Columns by John

John Brown has been a wine and food columnist in West Virginia since the 1980’s. His regular columns appear in the Charleston (WV) Gazette-Mail under the title Vines & Vittles and in The State Journal - a statewide business weekly

Wine of the Century

I’m not a “save it for a rainy day” type of guy so sometimes being disorganized and even, forgetful, can be a blessing. Case in point: A few decades back- before my receding hairline and tavern tumor made their unwelcome appearance -I was a true gourmand. When I had the opportunity to taste a special wine (even one way before its time), I did so with reckless abandon and then just, literally, swallowed my disappointment.

Such was the case with a very storied wine, the 1982 Chateau Mouton Rothschild. The ’82 Mouton was widely considered the best wine of that fabulous vintage in Bordeaux. And then the most esteemed wine critic of the time (Robert Parker) declared that bottle to be the best Bordeaux of the entire 20th century -up to that point!

A few years before the wine was available for sale on the open market, I had purchased two bottles as part of a Bordeaux Futures program. Once a particular Bordeaux vintage is evaluated (usually in the spring following the harvest), prices are established and wine shops offer consumers the opportunity to buy Bordeaux wines at steep discounts. Keep in mind, though, that you don’t receive the wine for at least two years after you make your purchase.
So, you might imagine my surprise and elation to discover that the two bottles of 1982 Mouton that I had purchased as futures were now rated as the best wines of the century. In a fevered rush to experience the other worldly flavors of this exquisite wine, I immediately opened a bottle of the Mouton and carefully decanted it into crystal carafe. I let wine breathe for an hour before pouring it into our best stemware and then swirled the Mouton to help release the aroma.

I put my nose into the glass and sniffed…. and sniffed again…nothing! No ethereal aromas of black currants, toasted oak, underbrush, or mint either. Just a vague and understated red fruit smell. Heck, there were more vibrant aromas in grape Kool-Aid than in this wine, I remembered thinking. And then I tasted the Mouton. Tannic, tight and a bit of sour grape flavors predominated. My wife and I were both disappointed, but we persisted and drank the whole bottle over a couple of hours, hoping those two hours would coax the wine of the century to show up. It didn’t.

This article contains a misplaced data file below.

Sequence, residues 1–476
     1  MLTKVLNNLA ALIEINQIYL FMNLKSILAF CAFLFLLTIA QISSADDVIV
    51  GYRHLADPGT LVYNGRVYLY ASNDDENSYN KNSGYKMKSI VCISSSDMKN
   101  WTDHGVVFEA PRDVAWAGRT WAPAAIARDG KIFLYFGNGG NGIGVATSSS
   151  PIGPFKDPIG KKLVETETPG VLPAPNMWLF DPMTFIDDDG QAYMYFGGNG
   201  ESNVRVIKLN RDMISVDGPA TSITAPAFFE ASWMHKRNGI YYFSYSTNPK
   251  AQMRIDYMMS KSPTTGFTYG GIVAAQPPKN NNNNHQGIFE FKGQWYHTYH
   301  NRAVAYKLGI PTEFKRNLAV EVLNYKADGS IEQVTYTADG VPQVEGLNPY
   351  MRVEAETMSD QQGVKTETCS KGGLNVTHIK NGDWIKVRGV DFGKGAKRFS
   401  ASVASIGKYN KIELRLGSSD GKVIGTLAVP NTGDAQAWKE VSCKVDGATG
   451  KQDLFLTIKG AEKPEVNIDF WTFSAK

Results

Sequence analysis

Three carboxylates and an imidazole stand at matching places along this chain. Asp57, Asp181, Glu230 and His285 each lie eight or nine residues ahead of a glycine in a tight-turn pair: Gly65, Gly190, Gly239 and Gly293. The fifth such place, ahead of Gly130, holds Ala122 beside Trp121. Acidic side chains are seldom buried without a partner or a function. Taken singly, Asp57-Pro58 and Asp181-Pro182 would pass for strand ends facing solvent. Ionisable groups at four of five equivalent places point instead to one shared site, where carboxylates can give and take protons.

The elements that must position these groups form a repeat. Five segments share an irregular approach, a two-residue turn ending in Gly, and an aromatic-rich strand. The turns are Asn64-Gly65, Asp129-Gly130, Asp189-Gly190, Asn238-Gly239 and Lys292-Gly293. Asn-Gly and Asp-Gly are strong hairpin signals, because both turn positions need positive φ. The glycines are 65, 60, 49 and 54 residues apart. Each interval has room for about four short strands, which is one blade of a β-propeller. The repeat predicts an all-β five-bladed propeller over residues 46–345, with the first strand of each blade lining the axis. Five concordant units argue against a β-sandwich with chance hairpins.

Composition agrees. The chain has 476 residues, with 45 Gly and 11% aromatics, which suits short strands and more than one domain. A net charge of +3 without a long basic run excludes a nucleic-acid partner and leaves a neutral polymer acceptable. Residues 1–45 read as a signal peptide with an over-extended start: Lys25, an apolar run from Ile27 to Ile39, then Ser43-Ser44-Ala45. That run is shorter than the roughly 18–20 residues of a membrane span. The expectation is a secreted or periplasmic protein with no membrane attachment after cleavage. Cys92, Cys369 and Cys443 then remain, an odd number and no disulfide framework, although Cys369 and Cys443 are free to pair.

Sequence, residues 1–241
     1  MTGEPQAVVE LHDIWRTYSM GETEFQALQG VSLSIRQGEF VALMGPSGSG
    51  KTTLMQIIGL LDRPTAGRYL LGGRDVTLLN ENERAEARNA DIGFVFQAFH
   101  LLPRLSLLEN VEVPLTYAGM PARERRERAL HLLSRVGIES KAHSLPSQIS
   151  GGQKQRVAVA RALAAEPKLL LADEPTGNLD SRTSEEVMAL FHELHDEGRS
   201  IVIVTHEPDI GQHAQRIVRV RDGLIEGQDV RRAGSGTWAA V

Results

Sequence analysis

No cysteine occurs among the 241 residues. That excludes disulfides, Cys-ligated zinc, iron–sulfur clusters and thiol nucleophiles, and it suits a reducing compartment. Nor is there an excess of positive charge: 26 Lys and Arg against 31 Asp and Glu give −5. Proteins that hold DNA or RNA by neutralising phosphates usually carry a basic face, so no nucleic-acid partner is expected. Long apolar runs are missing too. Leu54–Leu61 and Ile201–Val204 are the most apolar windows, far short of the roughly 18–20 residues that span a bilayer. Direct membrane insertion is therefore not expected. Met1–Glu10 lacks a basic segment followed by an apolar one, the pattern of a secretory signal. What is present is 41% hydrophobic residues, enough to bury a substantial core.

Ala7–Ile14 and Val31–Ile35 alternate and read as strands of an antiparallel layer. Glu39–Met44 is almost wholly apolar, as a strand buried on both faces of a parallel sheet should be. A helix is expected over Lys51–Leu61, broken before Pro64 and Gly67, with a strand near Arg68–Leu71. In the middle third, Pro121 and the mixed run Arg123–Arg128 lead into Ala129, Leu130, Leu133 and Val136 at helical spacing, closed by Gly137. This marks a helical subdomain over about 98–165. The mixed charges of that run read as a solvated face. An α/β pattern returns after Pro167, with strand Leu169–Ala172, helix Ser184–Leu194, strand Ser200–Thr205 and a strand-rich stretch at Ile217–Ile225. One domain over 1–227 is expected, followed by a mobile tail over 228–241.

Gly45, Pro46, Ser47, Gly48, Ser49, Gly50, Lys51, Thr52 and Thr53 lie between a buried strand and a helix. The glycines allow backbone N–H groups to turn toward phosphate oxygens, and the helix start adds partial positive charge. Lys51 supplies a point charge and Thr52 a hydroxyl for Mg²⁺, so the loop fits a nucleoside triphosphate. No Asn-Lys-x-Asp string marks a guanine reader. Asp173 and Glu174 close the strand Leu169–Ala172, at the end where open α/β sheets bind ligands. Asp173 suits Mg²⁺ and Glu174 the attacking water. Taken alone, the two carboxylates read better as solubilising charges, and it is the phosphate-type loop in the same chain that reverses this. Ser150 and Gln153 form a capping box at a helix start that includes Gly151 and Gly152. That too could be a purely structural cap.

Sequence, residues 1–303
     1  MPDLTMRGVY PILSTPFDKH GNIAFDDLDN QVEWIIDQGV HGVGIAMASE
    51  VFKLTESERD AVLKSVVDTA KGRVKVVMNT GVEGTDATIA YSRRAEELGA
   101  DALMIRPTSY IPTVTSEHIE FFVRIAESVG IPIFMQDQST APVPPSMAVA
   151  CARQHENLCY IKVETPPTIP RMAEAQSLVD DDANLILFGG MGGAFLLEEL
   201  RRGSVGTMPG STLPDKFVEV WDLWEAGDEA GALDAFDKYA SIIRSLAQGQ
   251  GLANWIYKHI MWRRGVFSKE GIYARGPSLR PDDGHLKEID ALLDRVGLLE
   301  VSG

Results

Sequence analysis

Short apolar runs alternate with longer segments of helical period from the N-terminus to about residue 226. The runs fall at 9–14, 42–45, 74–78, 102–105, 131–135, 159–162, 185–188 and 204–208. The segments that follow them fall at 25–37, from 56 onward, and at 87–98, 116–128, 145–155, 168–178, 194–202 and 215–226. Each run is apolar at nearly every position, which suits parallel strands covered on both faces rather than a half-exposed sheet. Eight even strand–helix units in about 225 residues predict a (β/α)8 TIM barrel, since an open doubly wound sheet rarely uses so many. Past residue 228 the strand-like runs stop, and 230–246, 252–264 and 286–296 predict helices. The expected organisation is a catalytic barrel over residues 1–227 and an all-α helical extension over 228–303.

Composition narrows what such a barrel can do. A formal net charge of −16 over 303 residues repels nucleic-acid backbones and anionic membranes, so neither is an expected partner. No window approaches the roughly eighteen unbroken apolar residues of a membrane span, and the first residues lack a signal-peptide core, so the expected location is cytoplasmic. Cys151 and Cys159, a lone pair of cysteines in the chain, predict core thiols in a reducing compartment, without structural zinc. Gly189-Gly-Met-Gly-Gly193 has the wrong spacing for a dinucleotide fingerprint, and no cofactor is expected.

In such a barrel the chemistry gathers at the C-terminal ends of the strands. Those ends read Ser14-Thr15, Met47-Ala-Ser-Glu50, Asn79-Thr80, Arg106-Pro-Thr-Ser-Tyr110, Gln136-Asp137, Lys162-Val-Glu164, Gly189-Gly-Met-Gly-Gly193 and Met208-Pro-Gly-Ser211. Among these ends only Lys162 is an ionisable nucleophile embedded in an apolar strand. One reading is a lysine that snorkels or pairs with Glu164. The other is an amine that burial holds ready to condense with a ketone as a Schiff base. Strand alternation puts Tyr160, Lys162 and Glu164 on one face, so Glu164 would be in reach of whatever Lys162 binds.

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Over the next few decades and through a couple of moves, I misplaced and eventually forgot about the remaining bottle of Mouton. As a matter of fact, I assumed it had gotten lost or that one of my children had poached it during a raid on the old man’s wine stash. But earlier this year, I found the remaining bottle of ’82 Mouton. I decided that my wife and I would open it on our anniversary where we had booked a weekend at a very lovely southern resort. I contacted the resort sommelier and asked if he would open the wine for us, decant it and let it breathe for a couple of hours before serving it to us at dinner. Keep in mind, the ’82 Mouton is 39 years old so my concern before sipping the wine was whether or not it would still be drinkable.

But it’s amazing what a few decades of bottle age in proper storage conditions will do to allow wine from a good vintage to shine. This time the wine was everything I had expected it to be when I opened the first bottle – way too early. Aromas of tack room, mint and toast were followed flavors of dark berries, muted mocha, licorice and spice. In my experience with older wines, full flavored foods can sometimes overwhelm them, but we took a chance anyway and paired the wine with a perfectly grilled bone-in ribeye.

The result was spectacular! Remarkably, the wine is also still slightly tannic so I assume it will continue to age gracefully for at least another decade and I would love to find out. Surprisingly, the wine is still available for purchase, but I probably won’t find it at the $50 dollar a bottle futures price I paid back in 1984. The lowest price I could find online for the wine was $1750.

As an interesting aside, Mouton Rothschild has commissioned many famous artists and celebrities through the years to draw on their labels. For the ’82 Mouton, the winery asked Academy Award winning director and artist, John Huston, to paint something for the label. His watercolor painting is of a ram leaping in joy accompanied by the sun and the grape vine. Inscribed under the painting is a note from Huston to his friend and winery owner Baron Phillipe Rothschild which reads: “In celebration of my beloved friend Baron Philippe’s sixtieth harvest at Mouton.”

Word to the wise: If you really love the wines of Bordeaux, ask your wine merchant about purchasing wine futures. You’ll definitely get the best price possible. And then resist the temptation to drink the wine before it’s time!

John Brown is also a novelist. His latest book is “Augie’s World” which is a sequel to his debut novel, Augie’s War. You can find out more about his novels at wordsbyjohnbrown.com

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